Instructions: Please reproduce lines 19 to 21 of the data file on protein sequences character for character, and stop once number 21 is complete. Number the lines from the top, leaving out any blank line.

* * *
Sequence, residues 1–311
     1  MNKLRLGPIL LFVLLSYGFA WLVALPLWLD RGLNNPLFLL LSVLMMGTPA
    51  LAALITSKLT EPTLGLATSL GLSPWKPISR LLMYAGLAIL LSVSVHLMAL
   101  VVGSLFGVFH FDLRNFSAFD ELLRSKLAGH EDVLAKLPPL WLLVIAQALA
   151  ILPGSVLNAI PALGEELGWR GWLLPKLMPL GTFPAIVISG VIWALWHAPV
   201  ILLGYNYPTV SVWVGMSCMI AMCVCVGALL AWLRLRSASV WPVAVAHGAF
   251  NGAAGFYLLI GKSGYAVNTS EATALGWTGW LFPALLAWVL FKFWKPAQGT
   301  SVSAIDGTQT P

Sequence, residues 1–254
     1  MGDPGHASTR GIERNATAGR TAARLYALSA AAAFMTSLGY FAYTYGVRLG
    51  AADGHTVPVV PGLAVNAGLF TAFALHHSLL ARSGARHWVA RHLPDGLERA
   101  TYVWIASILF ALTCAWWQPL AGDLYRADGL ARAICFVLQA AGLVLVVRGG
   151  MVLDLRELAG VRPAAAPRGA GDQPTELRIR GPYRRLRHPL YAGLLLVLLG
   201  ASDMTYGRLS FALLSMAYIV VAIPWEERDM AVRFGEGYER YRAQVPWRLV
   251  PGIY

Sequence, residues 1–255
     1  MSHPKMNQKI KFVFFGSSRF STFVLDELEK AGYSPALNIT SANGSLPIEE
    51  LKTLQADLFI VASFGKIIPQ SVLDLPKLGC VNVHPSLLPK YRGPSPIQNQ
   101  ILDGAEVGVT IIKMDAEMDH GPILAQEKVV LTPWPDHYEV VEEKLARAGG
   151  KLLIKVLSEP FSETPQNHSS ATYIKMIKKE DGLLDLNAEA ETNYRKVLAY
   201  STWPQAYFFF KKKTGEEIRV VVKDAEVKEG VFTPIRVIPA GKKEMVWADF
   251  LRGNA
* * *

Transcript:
   101  ILDGAEVGVT IIKMDAEMDH GPILAQEKVV LTPWPDHYEV VEEKLARAGG
   151  KLLIKVLSEP FSETPQNHSS ATYIKMIKKE DGLLDLNAEA ETNYRKVLAY
   201  STWPQAYFFF KKKTGEEIRV VVKDAEVKEG VFTPIRVIPA GKKEMVWADF